Imagining the Other

Who is the ‘self’ and who is the ‘other’? To imagine the other, one starts by imagining the self. Likewise, the self needs the other to define itself. It becomes a chicken-and-egg question. This imagination of the self and the other can be formed based on various aspects. It can begin from the most striking physical attributes, it can be built on culture, food or even smell. Who is this self and who is the other? Can the self be imagined without the other? In a world that’s marked by rapid mingling as well as violent segregation, what is the relevance of the imagination of the self and the other?

In this autumn issue of Yendai, we bring three essays and four poems which look at the theme “Imagining the Other” through different lenses. Somjyoti Mridha’s “Stories of/from Kashmir” looks at how marginalisation of Kashmir valley in the political sphere is accompanied by cultural otherisation of Kashmir valley and its inhabitants in the non-Kashmiri Indian public sphere. It also delves into how this process created the space for a counter otherisation of the Indian state and Indian populace in Kashmir valley.

The otherisation of female gender vis-a-vis nationalism is thoughtfully presented in Dr Yamini’s “Patriarch(s) and Nation(s): Wilful Erasures of Female Selves” through an analysis of the film Raazi. The author brings forth the problems in the patriarchal nature of nationalism which reduces the contribution of a woman working for her nation to her domestic roles as daughter, wife and mother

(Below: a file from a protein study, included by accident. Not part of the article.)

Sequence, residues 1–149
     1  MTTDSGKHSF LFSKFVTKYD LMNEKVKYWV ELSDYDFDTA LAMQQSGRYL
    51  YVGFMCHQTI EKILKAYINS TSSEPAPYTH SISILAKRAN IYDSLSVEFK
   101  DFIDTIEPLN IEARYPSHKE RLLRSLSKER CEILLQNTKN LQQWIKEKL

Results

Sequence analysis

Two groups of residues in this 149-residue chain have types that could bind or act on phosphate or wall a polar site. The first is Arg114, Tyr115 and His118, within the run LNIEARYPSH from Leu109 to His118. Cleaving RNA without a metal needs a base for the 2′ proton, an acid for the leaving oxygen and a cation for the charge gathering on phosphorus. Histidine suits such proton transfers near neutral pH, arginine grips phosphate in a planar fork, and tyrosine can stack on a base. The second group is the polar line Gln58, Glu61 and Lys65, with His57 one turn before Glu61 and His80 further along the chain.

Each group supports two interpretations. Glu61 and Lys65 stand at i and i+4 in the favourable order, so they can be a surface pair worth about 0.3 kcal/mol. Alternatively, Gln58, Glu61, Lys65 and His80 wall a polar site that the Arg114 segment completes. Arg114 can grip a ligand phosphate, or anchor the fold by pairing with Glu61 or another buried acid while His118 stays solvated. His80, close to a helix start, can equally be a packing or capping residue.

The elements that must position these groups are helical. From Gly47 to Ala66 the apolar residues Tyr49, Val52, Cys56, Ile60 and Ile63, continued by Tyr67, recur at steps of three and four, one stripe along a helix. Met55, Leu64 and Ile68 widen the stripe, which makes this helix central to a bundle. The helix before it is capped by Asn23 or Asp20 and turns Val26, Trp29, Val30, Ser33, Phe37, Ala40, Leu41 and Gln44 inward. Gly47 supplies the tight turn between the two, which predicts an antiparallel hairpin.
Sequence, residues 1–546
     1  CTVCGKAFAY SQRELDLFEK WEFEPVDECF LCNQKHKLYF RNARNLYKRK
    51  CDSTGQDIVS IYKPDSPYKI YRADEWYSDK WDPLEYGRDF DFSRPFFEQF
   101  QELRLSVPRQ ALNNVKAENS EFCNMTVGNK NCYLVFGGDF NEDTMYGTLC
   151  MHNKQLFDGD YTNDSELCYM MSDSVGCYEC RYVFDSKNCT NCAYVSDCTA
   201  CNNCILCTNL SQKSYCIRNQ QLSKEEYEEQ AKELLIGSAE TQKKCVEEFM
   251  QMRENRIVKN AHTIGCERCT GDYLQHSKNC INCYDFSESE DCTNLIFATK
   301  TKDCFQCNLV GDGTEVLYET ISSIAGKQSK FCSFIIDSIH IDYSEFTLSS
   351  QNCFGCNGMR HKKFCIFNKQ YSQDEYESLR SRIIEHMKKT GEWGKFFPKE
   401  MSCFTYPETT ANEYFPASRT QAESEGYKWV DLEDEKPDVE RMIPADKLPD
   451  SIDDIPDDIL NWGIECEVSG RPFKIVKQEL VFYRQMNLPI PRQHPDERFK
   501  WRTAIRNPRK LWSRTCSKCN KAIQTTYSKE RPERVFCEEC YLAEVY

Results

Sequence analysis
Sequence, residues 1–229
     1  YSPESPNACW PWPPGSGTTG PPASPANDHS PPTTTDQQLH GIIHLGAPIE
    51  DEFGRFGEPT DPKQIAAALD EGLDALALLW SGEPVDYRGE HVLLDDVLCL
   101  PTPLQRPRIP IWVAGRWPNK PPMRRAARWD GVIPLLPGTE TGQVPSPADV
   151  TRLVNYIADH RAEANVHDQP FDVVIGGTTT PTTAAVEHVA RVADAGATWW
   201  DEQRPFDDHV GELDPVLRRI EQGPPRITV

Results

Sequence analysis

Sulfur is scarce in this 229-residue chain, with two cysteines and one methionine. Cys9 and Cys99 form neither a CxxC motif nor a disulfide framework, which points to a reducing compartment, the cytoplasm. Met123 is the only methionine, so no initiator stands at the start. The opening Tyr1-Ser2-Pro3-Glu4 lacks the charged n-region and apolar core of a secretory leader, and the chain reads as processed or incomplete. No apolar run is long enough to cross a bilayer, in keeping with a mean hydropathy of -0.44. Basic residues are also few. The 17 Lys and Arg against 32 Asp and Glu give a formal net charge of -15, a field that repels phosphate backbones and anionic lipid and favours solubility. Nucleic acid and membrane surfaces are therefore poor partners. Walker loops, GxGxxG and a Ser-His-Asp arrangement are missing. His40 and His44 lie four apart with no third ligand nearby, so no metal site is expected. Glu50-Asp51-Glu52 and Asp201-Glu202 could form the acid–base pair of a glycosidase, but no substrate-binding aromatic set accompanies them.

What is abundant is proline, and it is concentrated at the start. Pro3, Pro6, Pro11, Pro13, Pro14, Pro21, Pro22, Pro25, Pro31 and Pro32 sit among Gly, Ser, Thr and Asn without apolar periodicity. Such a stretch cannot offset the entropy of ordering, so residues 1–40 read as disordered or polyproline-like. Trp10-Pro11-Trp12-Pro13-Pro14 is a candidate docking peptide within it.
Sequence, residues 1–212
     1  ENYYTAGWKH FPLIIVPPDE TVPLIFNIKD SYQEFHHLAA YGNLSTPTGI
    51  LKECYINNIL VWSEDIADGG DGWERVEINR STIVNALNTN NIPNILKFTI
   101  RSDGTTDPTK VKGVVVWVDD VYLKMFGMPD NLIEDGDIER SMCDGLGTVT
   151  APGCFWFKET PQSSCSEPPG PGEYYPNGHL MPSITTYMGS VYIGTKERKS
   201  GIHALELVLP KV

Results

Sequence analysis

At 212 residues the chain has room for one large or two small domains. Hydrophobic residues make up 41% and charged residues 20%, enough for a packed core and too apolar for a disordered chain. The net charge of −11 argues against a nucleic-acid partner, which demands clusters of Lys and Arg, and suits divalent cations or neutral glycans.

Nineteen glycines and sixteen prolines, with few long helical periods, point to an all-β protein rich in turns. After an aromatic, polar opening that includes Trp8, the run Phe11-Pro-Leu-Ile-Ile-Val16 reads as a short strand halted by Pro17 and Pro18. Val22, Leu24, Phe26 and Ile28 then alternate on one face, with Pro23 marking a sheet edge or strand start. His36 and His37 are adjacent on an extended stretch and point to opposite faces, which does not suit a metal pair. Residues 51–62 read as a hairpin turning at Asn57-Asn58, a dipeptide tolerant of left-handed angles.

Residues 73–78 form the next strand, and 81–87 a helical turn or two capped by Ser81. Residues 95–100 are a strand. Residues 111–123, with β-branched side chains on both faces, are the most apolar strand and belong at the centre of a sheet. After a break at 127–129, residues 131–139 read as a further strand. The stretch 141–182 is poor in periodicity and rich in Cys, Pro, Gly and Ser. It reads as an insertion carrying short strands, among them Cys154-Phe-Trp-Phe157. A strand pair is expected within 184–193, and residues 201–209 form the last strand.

Kumam Davidson and Himmat Tampakmayum bring focus on the misrepresentation of the Pangal in mainstream Manipuri art and literature through an analysis of Hijam Anganghal’s popular novel Jahera which was later produced as a film. The authors go deeper into the topic by bringing forth how subsequent representations of Pangal, starting from Jahera written sometime in the early part of 20th century to present day play Mangluraba Lann (2018), pose serious concerns on the issue of hegemonic representation, mostly by the Meitei.

The fragility of concepts like citizenship and identity, as defined by a nation state, is metaphorically captured in the poem “Forehead” by Shalim M Hussain. In many cultures, forehead commonly represents a person’s destiny. In Hussain’s poem when a claim was made on the forehead, the stake was so high that the owner of the forehead has to run away from the country only to return at a more peaceful time. That claim could alter the identity and destiny of the owner.

Md Ziaur Rahman’s “Our Ngari and their Masala” poignantly tugs at the hearts of all migrants who long for their food. And, how that provokes hostility from the majority inhabitants of these new lands. The poem brings out the alienation that originates when one is denied the space to celebrate one’s culinary traditions even as an internal migrant within one’s so-called own country. “Our Ngari and their Masala” is about the othering of food, smell and flavours. It is also about political identity and affiliation.

“Barbed Men” succinctly captures the militancy-related othering, how a population is alienated due to militancy/occupancy and how the representative of the occupiers, here men in uniform, become as miserable as those they occupy. The occupier and the occupied are both completely dehumanised and gradually turn into the “Barbed Men”.

“Pobitora” by Rimi Nath is about the othering that is marked by memories and nostalgia. We all migrate and become migratory birds. Sometime we migrate physically, sometime emotionally. The trail left behind is the only connection between the then and the now.

The autumn issue of Yendai is a bouquet of narratives that imagine or describe the nature of othering.